Prevailing case law supports this interpretation. However, in a general manner, the number of suits relating to ambush marketing is not particularly high, and no decision has tackled head-on the core points of these theoretical discussions, to the extent that there is room to change the interpretation.

Although the situations where unfair competition and ambush marketing apply appear similar, there are significant differences between them. Firstly, it is important to bear in mind that sporting, cultural and musical events are ephemeral. The damage may occur in a game, presentation or even large audience show lasting two hours. Also, in unfair competition the companies must be competitors, which is not the case for ambush marketing.

The Courts in Brazil have created a series of precedents on unfair competition, including a decision by the Second Panel of the First Civil Chamber of the Court of Appeals of the State of Goiás (Civil Appellate Review no 65558-9/188 headnote no 253253 – rapporteur: associate justice Vítor Barboza November 26 2002). In this case the court noted unanimously that "Unfair competition is understood to be the set of practices of the businessman who, fraudulently or dishonestly, seeks to take away the clients from the competitor."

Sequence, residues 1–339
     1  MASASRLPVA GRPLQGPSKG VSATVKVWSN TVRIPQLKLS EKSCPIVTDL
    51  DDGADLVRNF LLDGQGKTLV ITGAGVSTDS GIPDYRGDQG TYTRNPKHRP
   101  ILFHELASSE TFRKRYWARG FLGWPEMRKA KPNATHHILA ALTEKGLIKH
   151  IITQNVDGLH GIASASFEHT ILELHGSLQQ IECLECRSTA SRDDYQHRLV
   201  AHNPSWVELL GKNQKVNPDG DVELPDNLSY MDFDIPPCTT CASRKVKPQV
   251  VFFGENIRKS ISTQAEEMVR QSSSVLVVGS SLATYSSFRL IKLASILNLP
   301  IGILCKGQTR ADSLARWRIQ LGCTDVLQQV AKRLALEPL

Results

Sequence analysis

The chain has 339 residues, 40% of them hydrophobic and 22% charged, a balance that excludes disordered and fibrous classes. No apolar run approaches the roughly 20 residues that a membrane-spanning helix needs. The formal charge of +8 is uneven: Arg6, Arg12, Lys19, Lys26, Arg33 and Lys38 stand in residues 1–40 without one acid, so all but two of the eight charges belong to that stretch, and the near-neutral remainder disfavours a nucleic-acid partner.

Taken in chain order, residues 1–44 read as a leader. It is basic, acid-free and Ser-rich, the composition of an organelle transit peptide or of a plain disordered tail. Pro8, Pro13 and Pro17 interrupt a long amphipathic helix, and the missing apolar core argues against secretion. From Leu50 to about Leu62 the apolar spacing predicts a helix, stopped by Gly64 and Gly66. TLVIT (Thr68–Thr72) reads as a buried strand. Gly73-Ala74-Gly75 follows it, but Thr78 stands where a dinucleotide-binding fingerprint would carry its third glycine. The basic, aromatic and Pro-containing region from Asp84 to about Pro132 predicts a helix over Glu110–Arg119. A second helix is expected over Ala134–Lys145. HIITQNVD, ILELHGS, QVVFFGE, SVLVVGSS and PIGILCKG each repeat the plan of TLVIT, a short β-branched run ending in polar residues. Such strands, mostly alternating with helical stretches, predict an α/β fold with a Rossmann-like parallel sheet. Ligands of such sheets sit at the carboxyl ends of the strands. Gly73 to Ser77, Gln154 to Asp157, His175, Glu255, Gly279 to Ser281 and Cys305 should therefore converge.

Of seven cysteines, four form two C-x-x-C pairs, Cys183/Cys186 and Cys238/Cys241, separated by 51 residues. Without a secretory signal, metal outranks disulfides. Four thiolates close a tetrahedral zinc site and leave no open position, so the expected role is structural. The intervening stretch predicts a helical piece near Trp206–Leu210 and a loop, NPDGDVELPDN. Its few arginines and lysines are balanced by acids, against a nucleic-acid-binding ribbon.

In essence, whereas most cases of unfair competition refer to continuous acts of dishonest competition, the majority of cases of ambush marketing are one-time actions. Obviously, acts of unfair competition may occur on a one-time basis, and acts of ambush marketing may be continuous – the latter normally end up in court. It is perhaps because of this that there have not been a significant number of cases of ambush marketing in Brazilian courts, as the continuous acts are usually lower in number because their origin is easy to identify, whereas for one-off acts (especially ambush marketing by intrusion), it is hard to pin civil liability on the true causer of the damage.